“I’m trying to get someone [as queen] who has really done something [worthy of recognition],” she said. She would like a role model who has been a vital part of doing something good for society, not just a celebrity who is famous for being famous. Unlike the early days when celebrities traveled to promote television shows, many of today’s possible choices have agents and contracts. “It’s hard to get anyone to come for a week,” she said.
They have been successful in procuring the musical entertainment. Late in January, they announced the line-up. Wednesday night is The Temptations at Kenan Auditorium. The remainder of the week will be the outdoor venue downtown that has proven to be very successful. Thursday is country singer Cole Swindell with opening act Michael Ray and CJ Solar. Friday is 80’s mega band Duran Duran. “My kids went to all their concerts in the 1980s,” Lawler said. The band is on a world tour, so festival officials are hopeful they’ll be a big draw. Saturday is R&B/ hip-hop sensation Jason Derulo with opening act Morris Day.
Throughout the seventy years of NCAF history, tradition has been honored, but circumstances have also demanded change.
Concerts were for many years held at Trask Coliseum which holds 5,500 people. The move to the outdoor venue carries with it the risk of rain, but it also allows 10,000 to 11,000 people to enjoy the music. The increased attendance results in the ability to hire bigger acts as well as the ability to sell wine and beer which couldn’t be done in Trask. “Ticket prices range from $38.50 to $68.50 plus the surcharge; we have to keep the price down so it’s not so expensive after the booking surcharge.” Tickets are available on the NCAF website and at the office.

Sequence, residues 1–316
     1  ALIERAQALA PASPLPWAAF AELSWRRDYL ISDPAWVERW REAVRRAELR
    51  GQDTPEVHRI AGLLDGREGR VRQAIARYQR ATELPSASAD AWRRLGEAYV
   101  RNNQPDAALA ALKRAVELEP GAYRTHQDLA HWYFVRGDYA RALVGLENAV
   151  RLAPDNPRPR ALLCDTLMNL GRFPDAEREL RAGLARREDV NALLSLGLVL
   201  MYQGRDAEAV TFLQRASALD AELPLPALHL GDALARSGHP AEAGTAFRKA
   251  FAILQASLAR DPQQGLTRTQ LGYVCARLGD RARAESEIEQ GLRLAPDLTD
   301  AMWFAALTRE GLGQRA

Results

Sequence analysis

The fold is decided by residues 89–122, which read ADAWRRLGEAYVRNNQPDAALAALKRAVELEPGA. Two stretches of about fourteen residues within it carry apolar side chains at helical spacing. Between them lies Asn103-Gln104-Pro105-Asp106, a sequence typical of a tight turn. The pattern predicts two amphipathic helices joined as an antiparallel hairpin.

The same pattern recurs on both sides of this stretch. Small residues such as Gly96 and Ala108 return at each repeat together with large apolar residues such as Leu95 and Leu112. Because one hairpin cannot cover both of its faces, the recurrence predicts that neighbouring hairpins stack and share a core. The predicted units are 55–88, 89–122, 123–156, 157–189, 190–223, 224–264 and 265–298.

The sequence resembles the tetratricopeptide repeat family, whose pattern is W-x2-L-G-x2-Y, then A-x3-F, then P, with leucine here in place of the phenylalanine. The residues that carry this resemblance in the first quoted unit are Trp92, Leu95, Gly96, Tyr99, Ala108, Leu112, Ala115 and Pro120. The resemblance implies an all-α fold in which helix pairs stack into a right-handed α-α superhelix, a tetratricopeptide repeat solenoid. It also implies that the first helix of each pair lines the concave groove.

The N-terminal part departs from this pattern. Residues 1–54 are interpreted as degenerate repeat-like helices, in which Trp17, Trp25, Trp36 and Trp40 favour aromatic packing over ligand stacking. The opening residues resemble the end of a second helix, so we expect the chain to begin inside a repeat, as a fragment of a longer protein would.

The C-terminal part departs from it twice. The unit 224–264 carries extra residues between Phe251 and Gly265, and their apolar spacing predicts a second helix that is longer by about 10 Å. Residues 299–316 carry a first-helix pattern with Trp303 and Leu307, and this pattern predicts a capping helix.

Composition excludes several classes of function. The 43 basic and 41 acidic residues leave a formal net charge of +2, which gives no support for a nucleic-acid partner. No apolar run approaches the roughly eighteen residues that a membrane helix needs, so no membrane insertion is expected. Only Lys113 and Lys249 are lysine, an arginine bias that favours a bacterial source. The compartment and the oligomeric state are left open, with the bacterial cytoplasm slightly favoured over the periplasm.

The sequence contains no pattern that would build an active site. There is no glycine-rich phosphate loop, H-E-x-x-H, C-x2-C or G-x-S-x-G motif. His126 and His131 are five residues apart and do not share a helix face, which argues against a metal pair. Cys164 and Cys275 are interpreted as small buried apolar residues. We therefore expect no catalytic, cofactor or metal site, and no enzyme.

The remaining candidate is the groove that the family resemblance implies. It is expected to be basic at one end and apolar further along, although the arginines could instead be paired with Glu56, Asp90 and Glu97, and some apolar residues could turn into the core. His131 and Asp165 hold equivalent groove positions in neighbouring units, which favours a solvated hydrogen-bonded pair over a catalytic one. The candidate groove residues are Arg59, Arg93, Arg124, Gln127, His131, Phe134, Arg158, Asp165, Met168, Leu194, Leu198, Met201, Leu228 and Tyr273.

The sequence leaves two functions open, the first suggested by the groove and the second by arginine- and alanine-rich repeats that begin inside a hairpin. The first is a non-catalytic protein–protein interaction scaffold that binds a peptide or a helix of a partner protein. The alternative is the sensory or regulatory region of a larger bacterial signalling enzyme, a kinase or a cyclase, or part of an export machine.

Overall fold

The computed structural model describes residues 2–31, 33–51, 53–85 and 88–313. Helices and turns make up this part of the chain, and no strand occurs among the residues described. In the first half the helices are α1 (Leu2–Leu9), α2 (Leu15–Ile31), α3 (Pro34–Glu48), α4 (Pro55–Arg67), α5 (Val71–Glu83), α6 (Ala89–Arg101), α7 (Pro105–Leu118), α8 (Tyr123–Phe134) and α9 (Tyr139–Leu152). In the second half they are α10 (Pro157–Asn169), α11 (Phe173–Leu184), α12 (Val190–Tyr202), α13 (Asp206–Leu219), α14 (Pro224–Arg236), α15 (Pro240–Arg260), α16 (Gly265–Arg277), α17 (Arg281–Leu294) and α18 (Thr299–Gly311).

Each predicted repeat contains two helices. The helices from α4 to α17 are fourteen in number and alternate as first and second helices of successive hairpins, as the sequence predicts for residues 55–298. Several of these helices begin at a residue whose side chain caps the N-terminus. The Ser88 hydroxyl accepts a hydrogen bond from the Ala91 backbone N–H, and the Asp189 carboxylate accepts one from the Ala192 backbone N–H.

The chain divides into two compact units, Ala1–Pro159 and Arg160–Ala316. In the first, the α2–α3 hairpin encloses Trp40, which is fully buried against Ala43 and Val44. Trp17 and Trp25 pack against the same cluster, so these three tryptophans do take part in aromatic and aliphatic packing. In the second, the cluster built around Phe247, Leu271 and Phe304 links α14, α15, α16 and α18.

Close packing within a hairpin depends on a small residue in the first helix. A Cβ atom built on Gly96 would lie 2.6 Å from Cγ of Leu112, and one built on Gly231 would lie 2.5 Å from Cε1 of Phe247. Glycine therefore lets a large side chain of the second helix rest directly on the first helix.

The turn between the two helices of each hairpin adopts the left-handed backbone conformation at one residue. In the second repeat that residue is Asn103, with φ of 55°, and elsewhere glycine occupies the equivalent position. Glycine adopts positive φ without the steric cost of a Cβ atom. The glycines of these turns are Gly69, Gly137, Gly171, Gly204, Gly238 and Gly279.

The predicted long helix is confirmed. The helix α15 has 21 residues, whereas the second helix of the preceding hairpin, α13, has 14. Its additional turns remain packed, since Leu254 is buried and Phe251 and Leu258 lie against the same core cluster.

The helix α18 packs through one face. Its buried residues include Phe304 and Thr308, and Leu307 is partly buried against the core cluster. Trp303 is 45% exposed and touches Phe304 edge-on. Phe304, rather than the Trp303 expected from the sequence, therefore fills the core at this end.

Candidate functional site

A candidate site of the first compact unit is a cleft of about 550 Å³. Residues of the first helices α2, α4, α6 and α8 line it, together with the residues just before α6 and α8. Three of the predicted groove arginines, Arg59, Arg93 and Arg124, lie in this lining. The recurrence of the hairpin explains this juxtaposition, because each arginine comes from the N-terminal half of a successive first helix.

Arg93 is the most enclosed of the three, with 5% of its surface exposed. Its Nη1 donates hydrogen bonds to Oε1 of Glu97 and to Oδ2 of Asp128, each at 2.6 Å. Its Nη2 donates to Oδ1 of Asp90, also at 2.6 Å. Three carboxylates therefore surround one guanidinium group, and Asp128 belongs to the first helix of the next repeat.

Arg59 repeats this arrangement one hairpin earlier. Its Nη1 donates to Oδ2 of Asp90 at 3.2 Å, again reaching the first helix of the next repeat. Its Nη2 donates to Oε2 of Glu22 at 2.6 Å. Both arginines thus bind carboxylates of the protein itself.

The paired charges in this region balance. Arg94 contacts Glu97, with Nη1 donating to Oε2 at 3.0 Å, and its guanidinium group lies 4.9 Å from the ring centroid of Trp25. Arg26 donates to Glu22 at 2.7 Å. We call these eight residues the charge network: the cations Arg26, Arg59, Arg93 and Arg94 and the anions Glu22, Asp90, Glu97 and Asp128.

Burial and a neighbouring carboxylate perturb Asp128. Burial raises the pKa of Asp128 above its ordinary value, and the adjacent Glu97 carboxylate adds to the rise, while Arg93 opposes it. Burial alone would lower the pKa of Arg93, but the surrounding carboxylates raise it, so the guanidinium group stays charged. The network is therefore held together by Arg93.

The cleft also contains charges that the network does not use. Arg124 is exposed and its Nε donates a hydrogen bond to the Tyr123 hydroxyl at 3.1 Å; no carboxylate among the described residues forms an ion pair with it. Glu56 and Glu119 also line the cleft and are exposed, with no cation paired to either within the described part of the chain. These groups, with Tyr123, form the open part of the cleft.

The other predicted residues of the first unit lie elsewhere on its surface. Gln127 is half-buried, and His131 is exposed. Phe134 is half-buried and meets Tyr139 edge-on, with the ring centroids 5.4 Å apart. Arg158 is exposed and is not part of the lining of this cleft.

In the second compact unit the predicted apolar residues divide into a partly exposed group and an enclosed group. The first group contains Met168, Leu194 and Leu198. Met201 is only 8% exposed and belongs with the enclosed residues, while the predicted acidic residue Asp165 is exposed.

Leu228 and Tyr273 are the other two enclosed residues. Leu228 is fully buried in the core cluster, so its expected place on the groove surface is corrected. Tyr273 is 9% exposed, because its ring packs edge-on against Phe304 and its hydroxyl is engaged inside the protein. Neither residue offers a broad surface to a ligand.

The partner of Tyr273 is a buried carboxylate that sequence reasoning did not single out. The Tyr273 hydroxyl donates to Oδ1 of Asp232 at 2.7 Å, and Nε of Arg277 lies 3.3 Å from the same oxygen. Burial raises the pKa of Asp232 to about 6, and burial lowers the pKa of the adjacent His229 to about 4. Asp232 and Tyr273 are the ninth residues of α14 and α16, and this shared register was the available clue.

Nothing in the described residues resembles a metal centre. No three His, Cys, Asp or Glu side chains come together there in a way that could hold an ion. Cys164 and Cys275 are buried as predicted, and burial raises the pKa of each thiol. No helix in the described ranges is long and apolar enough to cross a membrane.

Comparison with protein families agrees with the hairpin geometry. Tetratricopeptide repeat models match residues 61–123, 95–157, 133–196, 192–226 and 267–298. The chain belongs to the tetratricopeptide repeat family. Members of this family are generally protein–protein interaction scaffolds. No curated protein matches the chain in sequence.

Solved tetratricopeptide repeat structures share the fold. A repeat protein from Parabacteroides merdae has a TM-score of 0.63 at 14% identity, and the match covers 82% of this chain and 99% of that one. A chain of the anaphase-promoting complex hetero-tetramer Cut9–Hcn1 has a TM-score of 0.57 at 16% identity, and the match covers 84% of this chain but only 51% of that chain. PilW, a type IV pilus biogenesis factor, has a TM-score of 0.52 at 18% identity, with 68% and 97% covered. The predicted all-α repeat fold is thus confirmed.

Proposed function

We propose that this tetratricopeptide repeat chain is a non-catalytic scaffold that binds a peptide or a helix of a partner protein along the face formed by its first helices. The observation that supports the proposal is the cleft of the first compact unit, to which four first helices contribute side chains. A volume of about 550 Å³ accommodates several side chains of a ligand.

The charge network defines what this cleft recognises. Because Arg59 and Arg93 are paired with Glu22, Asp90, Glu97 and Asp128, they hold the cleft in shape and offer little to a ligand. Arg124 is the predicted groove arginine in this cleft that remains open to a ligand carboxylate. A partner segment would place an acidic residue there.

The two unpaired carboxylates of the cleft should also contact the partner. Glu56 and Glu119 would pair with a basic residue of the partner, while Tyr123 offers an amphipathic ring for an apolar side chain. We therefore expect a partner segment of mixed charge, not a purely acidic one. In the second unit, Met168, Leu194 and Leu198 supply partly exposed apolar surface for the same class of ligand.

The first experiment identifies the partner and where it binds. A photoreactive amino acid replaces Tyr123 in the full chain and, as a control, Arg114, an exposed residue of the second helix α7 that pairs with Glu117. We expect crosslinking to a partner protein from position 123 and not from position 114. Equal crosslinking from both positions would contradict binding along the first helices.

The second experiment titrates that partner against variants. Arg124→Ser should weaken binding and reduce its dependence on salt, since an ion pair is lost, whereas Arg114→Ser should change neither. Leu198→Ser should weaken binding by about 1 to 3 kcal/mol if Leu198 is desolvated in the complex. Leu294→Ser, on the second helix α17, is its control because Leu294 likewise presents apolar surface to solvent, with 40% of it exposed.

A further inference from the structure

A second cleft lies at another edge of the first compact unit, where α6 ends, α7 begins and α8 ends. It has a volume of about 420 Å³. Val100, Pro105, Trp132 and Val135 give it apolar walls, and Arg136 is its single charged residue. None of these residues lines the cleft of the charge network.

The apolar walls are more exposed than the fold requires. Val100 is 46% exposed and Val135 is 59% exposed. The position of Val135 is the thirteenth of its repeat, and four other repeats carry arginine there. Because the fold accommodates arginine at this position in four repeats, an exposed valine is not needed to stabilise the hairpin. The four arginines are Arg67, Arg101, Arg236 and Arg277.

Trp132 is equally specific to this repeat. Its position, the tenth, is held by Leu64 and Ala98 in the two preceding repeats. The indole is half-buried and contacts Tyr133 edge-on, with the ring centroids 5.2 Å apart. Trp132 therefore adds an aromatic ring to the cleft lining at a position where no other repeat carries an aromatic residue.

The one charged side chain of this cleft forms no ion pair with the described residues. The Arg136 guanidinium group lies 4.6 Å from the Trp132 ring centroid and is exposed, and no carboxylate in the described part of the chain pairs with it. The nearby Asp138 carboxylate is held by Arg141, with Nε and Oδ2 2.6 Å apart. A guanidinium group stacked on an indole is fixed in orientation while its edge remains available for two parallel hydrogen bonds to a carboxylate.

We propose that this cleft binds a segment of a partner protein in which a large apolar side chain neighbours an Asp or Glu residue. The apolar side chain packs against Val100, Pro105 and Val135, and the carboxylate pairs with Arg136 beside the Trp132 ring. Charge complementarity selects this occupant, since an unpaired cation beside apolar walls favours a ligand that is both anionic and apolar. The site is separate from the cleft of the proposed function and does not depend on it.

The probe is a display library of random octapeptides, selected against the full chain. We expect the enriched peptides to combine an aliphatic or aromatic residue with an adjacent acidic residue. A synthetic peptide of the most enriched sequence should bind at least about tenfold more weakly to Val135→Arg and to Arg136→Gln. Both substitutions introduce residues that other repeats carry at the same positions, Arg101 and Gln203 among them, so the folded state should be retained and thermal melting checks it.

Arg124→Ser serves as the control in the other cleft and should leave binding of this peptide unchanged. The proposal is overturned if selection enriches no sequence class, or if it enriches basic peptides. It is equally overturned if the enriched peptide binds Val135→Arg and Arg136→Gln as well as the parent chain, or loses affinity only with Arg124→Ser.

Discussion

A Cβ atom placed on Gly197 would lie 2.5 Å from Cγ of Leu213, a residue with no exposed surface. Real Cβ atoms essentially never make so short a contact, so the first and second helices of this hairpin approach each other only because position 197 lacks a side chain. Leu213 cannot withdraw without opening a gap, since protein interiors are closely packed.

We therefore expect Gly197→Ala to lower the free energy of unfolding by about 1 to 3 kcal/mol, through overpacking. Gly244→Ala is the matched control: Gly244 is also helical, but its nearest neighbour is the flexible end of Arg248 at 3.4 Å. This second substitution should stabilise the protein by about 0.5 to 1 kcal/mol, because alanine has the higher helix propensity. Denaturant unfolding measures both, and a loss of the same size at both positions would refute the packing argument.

Loss of the Henrietta downtown required the festival to make major changes. While the boat was here, Azalea Belles and the Azalea Queen rode up-river to the coronation stage on Water Street. It afforded a beautiful spectacle. This year, however, the committee has decided to take the coronation back to the place where it all started, Greenfield Lake. There will be Azalea Belles everywhere, she said.
Lawler has brought back the shagging contest, “Because I love to shag. We’re going to see how it goes. We had a beach music band for the Pre-fest Party. There were more than 600 people.”
A large traveling equestrian show, Cirque Ma’Ceo, will take the place of the Cole Brothers Circus, at the same airport location. Standards such as the coin show, boxing, parade and many more continue. The festival’s long standing partnership with the Cape Fear Garden Club is also critical to success as the club coordinates the garden tours and queen’s ribbon cutting.
Because the Third Street bridge was closed last year, the parade route was changed from what it’s been for many years. This year, there will be new issues with bringing floats up from their staging area at Greenfield Lake because of road construction in that area.
The Street Fair has the challenge of working around the demolished Front Street parking deck. “There are a lot of changes because Wilmington is growing,” Lawler said. But each of the challenges is just another way of looking for new and better ways to celebrate our city.
Others are noticing too. The festival won seven awards last year. NCAF Executive Director Alison Baringer has been tapped to serve a three-year term on the International Festival and Events Association board. That’s in the same league as the Macy’s Thanksgiving Parade, the Kentucky Derby and the Rose Bowl Parade, Lawler said. “How many festivals can go on for seventy years?”
It’s all possible because of the volunteers, she says. Volunteers who love their city as much as she does. “I love Wilmington. I love the beach. Most of my family lives here, so I’m fortunate in that. I feel I’ve always been blessed to live here.”